Finland School Shooting

Discussion in 'Et Cetera, Et Cetera' started by ital8, Nov 7, 2007.

  1. ital8

    ital8 New Member

    Joined:
    Nov 4, 2004
    Messages:
    210
    Likes Received:
    1
    Wow!! I just read about a school shooting that happened in Finland. Unfortunately, eight people were murdered. This is tragic, not only because of the amount of people who were killed, but for the fact that gun violence is very rare in this Nordic country. This just goes to show that it is not only in America where school shootings can occur. Is it just me or are random acts of violence more prevelant today than ever?

    School shooter kills 8, self in Finland - Yahoo! News
     
  2. B_Think_Kink

    B_Think_Kink New Member

    Joined:
    Oct 25, 2006
    Messages:
    10,742
    Likes Received:
    17
    Gender:
    Female
    Yikes, that's totally tragic.
     
  3. SpoiledPrincess

    Gold Member

    Joined:
    Dec 28, 2006
    Messages:
    8,167
    Likes Received:
    29
    Gender:
    Female
    Location:
    england
    Yes they are more frequent, people are detached from society.
     
  4. agnslz

    Gold Member

    Joined:
    Jun 29, 2006
    Messages:
    4,778
    Likes Received:
    14
    I don't think they are any more prevalent today, I just think the saturated media coverage makes it seem that way.
     
  5. Principessa

    Gold Member

    Joined:
    Nov 22, 2006
    Messages:
    19,494
    Likes Received:
    28
    Gender:
    Female
    Interesting, for some other things that may be true; but you are 110% wrong. There are more school shootings now than there were 60 years ago.


     
  6. agnslz

    Gold Member

    Joined:
    Jun 29, 2006
    Messages:
    4,778
    Likes Received:
    14
    Yes, but he said "random acts of violence" not just school shootings.
     
  7. dong20

    Gold Member

    Joined:
    Feb 17, 2006
    Messages:
    6,130
    Likes Received:
    5
    Location:
    The grey country
    Finland has the third highest per capita firearms ownership in the world (about 55%), after Yemen and the US - yet a 'comparatively' per capita criminal firearms useage rate all the while having perhaps the highest per capita homicide rate in Western Europe.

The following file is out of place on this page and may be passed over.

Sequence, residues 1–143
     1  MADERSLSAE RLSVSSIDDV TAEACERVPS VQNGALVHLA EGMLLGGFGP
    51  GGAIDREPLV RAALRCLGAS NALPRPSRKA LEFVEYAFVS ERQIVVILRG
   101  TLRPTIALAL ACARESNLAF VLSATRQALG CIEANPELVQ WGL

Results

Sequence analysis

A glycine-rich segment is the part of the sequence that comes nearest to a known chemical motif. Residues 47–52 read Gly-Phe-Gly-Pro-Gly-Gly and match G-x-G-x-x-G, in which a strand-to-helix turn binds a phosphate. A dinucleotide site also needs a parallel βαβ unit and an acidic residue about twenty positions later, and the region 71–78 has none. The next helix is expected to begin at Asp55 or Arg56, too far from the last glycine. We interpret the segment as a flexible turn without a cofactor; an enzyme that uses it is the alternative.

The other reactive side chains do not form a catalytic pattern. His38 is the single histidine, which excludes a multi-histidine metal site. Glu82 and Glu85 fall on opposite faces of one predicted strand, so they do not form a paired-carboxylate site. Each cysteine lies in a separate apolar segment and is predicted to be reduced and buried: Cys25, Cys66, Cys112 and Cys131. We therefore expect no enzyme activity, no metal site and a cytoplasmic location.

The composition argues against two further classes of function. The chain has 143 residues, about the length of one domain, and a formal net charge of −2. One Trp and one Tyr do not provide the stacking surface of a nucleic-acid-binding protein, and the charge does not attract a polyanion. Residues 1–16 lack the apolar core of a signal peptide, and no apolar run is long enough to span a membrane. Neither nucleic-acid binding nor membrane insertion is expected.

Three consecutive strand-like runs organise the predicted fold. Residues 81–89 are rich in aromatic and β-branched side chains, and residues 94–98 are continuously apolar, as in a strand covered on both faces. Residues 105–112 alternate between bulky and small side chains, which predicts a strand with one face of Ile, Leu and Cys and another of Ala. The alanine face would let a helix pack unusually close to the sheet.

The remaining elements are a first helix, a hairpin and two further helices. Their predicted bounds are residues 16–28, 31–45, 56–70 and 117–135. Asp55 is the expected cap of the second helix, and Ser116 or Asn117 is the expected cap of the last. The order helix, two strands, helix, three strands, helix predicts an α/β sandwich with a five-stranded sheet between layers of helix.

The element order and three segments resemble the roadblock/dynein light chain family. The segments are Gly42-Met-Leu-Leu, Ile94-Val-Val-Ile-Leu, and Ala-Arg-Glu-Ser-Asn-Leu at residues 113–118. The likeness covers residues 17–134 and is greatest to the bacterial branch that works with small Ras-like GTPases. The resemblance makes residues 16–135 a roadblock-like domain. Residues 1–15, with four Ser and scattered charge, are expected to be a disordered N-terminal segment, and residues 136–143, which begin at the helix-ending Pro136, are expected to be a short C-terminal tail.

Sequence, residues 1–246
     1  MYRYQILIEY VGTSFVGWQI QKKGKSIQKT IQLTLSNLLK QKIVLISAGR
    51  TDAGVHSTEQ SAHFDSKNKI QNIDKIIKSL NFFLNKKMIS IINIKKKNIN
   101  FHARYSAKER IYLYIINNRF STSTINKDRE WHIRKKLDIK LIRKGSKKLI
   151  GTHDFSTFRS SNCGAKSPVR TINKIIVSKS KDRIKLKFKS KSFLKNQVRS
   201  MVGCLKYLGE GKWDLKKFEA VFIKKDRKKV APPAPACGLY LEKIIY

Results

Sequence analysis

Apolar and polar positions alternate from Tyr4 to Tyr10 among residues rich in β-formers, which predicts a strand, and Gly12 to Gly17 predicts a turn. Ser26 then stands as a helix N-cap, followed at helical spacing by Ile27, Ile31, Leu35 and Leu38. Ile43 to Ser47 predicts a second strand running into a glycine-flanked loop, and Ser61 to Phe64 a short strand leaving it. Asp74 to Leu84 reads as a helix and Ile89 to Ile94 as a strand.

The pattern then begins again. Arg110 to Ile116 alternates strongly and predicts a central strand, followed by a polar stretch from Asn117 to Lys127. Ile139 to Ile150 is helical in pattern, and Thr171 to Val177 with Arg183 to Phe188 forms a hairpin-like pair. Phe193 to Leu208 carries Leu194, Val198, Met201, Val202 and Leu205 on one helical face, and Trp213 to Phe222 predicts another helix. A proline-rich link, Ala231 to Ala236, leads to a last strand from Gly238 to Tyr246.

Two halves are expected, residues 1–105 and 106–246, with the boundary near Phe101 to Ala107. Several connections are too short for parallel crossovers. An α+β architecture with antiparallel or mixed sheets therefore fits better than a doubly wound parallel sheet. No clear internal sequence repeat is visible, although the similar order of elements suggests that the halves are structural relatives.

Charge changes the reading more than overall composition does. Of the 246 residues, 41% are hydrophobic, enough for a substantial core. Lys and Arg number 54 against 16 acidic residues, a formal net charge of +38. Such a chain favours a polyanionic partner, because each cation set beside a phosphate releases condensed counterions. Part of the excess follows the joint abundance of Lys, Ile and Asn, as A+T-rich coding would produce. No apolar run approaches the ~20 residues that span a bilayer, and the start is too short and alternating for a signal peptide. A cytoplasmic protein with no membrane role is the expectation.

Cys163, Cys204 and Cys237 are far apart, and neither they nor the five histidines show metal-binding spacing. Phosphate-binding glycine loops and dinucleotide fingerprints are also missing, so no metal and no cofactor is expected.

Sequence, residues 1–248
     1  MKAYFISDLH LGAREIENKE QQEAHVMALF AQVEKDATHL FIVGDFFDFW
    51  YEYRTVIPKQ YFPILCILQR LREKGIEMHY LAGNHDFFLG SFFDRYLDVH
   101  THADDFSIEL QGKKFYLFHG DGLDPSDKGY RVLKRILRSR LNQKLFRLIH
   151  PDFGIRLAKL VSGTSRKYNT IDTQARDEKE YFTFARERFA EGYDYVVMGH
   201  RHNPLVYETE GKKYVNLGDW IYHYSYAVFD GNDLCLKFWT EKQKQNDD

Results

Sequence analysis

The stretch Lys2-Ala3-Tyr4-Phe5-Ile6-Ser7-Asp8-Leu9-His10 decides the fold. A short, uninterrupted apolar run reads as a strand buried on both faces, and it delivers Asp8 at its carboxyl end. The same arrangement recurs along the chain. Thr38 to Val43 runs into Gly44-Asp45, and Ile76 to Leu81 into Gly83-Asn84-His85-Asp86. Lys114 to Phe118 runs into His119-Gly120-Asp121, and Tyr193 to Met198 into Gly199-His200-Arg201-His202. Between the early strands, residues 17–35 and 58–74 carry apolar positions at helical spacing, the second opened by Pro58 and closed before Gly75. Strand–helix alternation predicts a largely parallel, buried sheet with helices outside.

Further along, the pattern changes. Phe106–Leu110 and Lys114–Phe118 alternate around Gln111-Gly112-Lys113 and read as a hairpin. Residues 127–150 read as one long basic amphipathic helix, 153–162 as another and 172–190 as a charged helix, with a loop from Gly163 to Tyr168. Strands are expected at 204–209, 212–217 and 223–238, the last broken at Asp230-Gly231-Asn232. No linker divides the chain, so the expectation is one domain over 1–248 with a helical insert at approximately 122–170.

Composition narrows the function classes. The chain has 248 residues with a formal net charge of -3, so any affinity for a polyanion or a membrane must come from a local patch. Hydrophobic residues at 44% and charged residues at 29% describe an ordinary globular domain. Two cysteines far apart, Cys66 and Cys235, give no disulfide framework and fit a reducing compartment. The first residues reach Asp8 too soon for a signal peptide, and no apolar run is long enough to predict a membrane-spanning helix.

Here beginneth the boring stats:

    About 15% of Homicides in Finland are firearms related (within an overall homicide rate of 2.8 per 100,000) equating to a rate of 0.42 per 100,000. In the US the figures (for 2005) were 3.8 per 100,000 within a firearms Homicde usage rate of nearly 70%).

    In the UK, the Firearms homicide rate was 0.15 (2002) per 100,000 with an overall firearms used in Homicide useage rate of 8.5% (2004/5).

    Here endeth the boring stats....!

    Thus, it would appear that while Finns are quite eager to kill one another, they prefer to get more hands on when doing so compared with those in the US who it would appear prefer to keep their killing at at distance while us here in the UK are evidently even more hands on than the Finns.

    Also, I read this incident was the first of it's kind in Finland. I hope it's the last, though sadly I doubt that will be the case. The killer had implied that this was in the offing by posting provocative videos on You Tube only hours before.

    This is an interesting piece:

    'Revolution. Smash everything'. Then eight were killed by student gunman | Schools special reports | EducationGuardian.co.uk

    No doubt this will ignite another staunch defence of the right to bear arms and a flurry of stats proving that guns don't kill, people do.
     
  8. odd_fish_9

    odd_fish_9 New Member

    Joined:
    Oct 2, 2007
    Messages:
    82
    Likes Received:
    0
    Gender:
    Male
    Location:
    yonder
    "Western" Europe? A capricious qualification. Compare Finland to nearby Estonia, where both homicide and firearm homicide rates are nearly ten times higher.

    The Finnish firearm suicide rate is nearly the same as that of Switzerland, which has a somewhat higher firearm "possession" rate (although the Swiss firearm "ownership" rate is not particular high, as so many of the guns in Switzerland are government issue, rather than private purchases).